Luther coughed wetly into his napkin. “Whereabouts?”
“Sonoma State,” I said.
He seemed to be working on a follow-up question, but Nana impatiently flagged down the waiter. “I’ll have the fish and chips,” she ordered, without waiting for him to come to a full stop at the table. “But if you could put them on separate plates, I’d appreciate it. And a side salad, no tomatoes. Carrots only if they aren’t shredded.”
I caught Sam’s eye and registered the sympathetic amusement there. I wanted to explain that she owns a restaurant but hates eating out. She’s picky enough to make her food perfect, but never trusts anyone else to do the same. After he gave me a small smile, we both looked away.
Nana held up a hand to keep the waiter’s attention from turning to me yet. “And dressing on the side. Also, I’ll have a glass of chardonnay and an ice water. With ice.” She lowered her voice to explain to me—but not so quietly that everyone didn’t hear it too: “Europeans have a thing about ice. I’ll never understand it.”
With a tiny grimace, the waiter turned to me. “Miss?”
“Fish and chips.” I grinned and handed him my menu.
The waiter left, and a tense, aware silence filled his wake before Luther leaned back in his chair, letting out a roaring laugh. “Well now. I guess we know who the princess is!”
Nana became a prune again. Great.
Sam leaned forward, planting two solid arms on the table. “How long you here for?”
“Two weeks,” Nana told him, pulling her hand sanitizer out of her purse.
“We’re doing a month,” Luther said, and beside him, Sam picked up a piece of bread from the basket at the center of the table and wolfed it down in a single, clean bite. I worried they’d ordered a while ago, and our appearance had really delayed the delivery of their meal. “Here for a couple weeks as well,” Luther continued, “then up to the Lake District. Where are you staying in London?”
“The Marriott.” My voice carried the same reverence I’d use to tell him we were staying in a castle. “Right on the river.”
“Really?” Sam’s eyes darted to my mouth and back up. “So are we.”
Nana’s voice cut in like a razor: “Yes, but we’ll be moving as soon as we can.”
My jaw dropped, and irritation rose in a salty tide in my throat. “Nana, we don’t—”
“Moving hotels?” Luther asked. “Why on earth would you leave that place? It’s beautiful, historic—It’s got a view of everything you could possibly want.”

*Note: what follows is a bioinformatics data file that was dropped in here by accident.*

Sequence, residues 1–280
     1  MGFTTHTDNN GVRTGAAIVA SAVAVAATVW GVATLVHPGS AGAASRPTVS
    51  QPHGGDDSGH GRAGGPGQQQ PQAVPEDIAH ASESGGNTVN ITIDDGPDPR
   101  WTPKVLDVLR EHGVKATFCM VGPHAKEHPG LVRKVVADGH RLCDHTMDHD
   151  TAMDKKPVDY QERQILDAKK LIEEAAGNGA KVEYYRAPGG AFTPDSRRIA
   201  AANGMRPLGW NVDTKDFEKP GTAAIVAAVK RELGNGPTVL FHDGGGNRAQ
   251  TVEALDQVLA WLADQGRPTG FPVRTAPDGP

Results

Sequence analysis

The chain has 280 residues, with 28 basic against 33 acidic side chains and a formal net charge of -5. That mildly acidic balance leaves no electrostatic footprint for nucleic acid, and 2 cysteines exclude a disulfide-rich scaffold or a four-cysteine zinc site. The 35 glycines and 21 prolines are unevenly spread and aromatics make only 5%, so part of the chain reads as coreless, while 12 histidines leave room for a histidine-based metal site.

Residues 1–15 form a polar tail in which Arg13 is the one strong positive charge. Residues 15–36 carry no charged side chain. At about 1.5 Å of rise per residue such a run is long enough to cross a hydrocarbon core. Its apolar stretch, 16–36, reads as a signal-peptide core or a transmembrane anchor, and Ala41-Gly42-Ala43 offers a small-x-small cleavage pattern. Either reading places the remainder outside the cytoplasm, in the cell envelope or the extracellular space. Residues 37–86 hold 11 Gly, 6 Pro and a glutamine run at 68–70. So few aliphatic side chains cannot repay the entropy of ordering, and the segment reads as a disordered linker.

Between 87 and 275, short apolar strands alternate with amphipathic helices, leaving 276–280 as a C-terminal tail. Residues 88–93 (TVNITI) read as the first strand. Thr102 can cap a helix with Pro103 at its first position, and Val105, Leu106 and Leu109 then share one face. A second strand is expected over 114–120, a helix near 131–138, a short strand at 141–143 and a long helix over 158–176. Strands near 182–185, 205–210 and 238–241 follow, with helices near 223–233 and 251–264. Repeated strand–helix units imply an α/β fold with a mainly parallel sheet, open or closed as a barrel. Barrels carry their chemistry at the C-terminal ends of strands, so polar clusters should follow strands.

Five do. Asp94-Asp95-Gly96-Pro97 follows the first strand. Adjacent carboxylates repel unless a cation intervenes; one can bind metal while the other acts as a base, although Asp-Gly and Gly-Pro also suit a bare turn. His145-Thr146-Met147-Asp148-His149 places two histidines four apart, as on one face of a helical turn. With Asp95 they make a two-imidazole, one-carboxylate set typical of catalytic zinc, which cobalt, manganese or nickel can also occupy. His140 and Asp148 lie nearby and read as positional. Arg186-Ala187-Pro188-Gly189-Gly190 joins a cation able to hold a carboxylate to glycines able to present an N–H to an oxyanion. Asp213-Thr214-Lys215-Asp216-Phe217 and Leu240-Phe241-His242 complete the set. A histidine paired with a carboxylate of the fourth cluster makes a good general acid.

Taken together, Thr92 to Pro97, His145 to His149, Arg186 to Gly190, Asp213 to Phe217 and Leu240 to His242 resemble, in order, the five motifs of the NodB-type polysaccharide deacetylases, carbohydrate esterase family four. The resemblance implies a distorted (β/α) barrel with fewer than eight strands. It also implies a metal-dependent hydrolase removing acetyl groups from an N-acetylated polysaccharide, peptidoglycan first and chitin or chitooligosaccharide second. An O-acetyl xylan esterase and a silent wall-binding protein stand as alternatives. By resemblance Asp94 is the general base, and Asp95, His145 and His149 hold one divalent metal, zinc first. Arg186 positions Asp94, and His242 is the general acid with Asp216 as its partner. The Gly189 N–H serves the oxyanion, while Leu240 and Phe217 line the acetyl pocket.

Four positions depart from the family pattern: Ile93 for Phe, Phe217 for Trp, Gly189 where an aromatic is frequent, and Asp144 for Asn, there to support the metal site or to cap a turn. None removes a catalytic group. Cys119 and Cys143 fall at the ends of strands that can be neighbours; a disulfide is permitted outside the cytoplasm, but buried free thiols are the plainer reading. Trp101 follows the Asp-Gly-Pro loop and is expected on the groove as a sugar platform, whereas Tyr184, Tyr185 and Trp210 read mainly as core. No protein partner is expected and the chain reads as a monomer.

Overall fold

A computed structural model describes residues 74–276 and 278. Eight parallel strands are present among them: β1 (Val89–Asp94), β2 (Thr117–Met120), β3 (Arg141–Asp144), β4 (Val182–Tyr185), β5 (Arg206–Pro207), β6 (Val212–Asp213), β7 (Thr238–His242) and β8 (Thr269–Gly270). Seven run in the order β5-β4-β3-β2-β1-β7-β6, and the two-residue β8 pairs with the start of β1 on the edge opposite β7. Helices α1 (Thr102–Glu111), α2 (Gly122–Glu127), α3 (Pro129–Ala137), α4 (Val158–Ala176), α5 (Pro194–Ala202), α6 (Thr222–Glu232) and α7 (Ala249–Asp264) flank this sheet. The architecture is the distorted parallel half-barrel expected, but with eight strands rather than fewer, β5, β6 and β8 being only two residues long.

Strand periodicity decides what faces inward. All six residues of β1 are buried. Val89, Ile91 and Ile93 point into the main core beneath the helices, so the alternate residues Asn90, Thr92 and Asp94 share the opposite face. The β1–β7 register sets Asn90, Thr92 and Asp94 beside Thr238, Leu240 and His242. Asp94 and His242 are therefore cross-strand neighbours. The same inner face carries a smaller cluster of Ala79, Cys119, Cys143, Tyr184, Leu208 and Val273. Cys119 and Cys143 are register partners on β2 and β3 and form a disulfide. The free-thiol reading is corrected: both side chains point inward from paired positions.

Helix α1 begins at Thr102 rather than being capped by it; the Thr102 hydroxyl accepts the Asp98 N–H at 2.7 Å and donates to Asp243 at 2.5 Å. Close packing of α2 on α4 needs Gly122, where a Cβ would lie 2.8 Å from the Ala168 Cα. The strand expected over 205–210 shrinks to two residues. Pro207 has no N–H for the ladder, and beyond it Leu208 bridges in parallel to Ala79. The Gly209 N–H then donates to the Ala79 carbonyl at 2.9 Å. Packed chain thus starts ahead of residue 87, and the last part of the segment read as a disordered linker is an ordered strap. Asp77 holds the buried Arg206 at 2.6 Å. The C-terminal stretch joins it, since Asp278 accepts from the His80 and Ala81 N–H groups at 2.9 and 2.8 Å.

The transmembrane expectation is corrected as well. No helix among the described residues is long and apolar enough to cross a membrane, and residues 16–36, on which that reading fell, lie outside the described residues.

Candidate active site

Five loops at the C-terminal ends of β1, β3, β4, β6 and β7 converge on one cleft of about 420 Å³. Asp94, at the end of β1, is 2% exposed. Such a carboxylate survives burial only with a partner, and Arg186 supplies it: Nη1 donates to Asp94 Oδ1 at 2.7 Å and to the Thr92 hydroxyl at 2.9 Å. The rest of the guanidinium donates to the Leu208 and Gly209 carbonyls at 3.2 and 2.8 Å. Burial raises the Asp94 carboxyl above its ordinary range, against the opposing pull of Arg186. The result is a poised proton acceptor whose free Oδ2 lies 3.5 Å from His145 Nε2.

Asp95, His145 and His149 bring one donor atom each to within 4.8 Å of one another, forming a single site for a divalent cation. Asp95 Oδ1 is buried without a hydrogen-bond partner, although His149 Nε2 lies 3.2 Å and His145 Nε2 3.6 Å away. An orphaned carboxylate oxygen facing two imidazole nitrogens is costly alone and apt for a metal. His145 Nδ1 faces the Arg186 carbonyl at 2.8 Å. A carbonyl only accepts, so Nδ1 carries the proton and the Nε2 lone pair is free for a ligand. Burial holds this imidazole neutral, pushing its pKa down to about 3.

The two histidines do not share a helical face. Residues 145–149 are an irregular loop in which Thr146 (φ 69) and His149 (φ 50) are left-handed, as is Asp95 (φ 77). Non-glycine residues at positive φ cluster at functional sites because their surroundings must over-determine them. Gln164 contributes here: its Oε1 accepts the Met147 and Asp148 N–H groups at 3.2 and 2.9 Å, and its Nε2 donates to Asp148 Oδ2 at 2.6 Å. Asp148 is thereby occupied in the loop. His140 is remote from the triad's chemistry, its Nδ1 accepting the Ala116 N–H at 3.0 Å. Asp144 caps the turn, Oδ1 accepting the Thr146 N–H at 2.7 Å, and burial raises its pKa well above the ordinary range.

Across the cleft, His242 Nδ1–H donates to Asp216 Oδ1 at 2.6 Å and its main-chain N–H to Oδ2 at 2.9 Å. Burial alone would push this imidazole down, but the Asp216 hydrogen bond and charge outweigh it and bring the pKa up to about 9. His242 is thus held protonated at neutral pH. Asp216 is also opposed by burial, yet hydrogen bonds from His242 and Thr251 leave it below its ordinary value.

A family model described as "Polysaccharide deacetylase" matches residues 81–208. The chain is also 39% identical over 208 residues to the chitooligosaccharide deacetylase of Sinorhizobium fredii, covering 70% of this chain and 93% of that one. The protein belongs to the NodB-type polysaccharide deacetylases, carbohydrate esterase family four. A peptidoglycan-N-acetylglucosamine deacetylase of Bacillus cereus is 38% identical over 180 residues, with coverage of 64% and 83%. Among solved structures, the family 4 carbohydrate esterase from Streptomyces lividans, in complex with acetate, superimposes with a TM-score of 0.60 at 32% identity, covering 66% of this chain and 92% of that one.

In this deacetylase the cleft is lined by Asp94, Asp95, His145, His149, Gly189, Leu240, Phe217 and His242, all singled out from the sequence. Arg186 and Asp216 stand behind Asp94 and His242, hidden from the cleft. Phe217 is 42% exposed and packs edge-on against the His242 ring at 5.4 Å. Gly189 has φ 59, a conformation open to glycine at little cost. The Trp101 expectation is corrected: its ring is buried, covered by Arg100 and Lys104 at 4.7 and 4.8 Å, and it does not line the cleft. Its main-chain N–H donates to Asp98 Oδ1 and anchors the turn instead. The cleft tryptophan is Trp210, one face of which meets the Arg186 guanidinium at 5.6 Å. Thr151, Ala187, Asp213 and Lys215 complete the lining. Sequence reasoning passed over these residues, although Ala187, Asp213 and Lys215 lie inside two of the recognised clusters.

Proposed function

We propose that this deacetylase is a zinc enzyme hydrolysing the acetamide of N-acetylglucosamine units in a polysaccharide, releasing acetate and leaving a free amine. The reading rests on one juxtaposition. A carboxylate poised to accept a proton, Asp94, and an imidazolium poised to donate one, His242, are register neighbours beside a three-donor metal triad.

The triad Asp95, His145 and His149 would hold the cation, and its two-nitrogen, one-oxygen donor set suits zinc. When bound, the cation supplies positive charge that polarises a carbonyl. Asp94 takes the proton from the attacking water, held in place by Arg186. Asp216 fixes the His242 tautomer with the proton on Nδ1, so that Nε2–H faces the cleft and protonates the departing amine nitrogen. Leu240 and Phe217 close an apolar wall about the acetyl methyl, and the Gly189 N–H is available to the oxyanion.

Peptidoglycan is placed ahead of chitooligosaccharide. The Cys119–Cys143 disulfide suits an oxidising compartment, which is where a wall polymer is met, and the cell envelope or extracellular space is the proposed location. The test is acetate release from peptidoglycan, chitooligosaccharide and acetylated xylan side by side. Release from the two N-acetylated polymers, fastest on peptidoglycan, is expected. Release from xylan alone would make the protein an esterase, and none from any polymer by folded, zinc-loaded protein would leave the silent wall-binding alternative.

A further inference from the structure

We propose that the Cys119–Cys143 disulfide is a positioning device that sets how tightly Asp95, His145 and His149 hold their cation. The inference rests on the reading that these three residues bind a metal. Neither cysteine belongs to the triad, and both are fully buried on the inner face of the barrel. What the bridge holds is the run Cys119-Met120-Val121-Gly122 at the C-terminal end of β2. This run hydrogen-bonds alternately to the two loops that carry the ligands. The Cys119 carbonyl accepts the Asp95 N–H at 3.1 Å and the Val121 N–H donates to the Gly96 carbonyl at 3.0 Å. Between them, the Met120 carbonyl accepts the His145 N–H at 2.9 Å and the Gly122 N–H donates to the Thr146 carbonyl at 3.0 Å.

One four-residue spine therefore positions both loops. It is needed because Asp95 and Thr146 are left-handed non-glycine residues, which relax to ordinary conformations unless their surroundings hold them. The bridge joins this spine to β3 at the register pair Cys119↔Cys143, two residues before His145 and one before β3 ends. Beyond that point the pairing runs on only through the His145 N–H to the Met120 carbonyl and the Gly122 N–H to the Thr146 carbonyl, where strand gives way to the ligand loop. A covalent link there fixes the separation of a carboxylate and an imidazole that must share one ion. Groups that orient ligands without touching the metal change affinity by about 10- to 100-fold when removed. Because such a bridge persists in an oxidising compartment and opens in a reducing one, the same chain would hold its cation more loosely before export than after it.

“Our room doesn’t. In my book, it’s unacceptable to pay what we’re paying for two weeks, just to look at a row of parked cars.” She immediately handed the water glass back to the waiter when he put it in front of her. “Ice, please.”
She’s tired, I reminded myself, and drew in a deep, calming breath. She’s stressed because this is expensive and we’re far away from home and Mom is alone there.
I watched the waiter turn and walk back toward the bar; I was mortified by her demands and her mood. A tight, leaden ball pinballed around inside my gut, but Sam laughed into another sip of his own water, and when I looked at him, he grinned. He had my favorite kind of eyes: mossy green backlit by a knowing gleam.
“This is Tate’s first trip to London,” Nana continued, apparently ignoring the fact that it was her first trip here, too. “I’ve been planning this for years. She should have a view of the river.”
“You’re right,” Sam said quietly, and didn’t even hesitate when he added: “You should take our room. Twelfth floor. We have a view of the river, the London Eye, and Big Ben.”
Twelfth floor. Same as us.
Nana blanched. “We couldn’t possibly.”
“Why not?” Luther asked. “We’re barely ever there. The better views are outside, when you’re out and about.”
“Well of course we won’t be sitting in the room the entire time,” Nana protested defensively, “but I assumed if we’re paying—”
“I insist,” Luther broke in. “After dinner, we’ll trade rooms. It’s settled.”
“I don’t like it.” Nana sat by the window while I shoved all my clothes back in my suitcase. Her purse on her lap and the packed suitcase at her feet told me she’d already decided to trade rooms, she just needed to make a show of protest. “Who offers to give up a view of the river and Big Ben for a view of the street?”
“They seem nice.”
“First, we don’t even know them. Second, even with nice men you don’t want to be obligated.”
“Obligated? Nana, they’re trading hotel rooms with us, not paying us for sex.”
Nana turned her face toward the window. “Don’t be crude, Tate.” She fingered the organza curtain for a few quiet beats. “What if they find out who you are?”
There it was. Reason number one I’d never traveled east of Colorado before today. “I’m eighteen. Does it even matter anymore?”
She started to argue but I held up a hand, giving in. It mattered so much to Nana that I stayed hidden; it wasn’t worth pushing back.
“I’m just saying,” I said, zipping up my bag and rolling it toward the door. “They’re being nice. We’re here for two weeks, and glaring at that street will drive you crazy. Which means it will drive me crazy. Let’s take the room.” She didn’t move, and I returned a few steps closer to her. “Nana, you know you want the view. Come on.”